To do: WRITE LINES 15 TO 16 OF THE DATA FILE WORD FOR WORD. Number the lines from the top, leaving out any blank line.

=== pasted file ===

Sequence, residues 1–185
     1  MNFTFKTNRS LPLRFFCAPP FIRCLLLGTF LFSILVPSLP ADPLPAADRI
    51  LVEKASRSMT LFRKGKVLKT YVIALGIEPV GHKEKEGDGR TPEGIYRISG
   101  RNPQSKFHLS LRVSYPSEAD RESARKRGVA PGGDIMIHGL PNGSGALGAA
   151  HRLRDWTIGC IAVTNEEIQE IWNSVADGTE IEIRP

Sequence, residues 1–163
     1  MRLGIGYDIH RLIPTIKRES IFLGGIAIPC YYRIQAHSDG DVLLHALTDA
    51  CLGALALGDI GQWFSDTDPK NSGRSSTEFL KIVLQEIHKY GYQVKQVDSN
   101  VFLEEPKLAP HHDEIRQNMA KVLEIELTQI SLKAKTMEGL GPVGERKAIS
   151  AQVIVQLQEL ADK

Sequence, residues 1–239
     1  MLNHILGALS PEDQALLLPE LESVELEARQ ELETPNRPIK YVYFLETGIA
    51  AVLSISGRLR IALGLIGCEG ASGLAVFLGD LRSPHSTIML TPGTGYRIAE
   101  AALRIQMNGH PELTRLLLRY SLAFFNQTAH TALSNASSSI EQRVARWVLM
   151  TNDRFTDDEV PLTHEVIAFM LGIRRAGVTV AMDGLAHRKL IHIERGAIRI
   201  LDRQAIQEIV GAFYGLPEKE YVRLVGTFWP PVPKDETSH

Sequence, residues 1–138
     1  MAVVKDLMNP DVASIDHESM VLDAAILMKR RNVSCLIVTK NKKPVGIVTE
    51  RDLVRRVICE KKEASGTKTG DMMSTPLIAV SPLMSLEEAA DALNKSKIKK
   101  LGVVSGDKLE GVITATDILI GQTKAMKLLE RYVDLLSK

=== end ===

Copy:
   151  TNDRFTDDEV PLTHEVIAFM LGIRRAGVTV AMDGLAHRKL IHIERGAIRI
   201  LDRQAIQEIV GAFYGLPEKE YVRLVGTFWP PVPKDETSH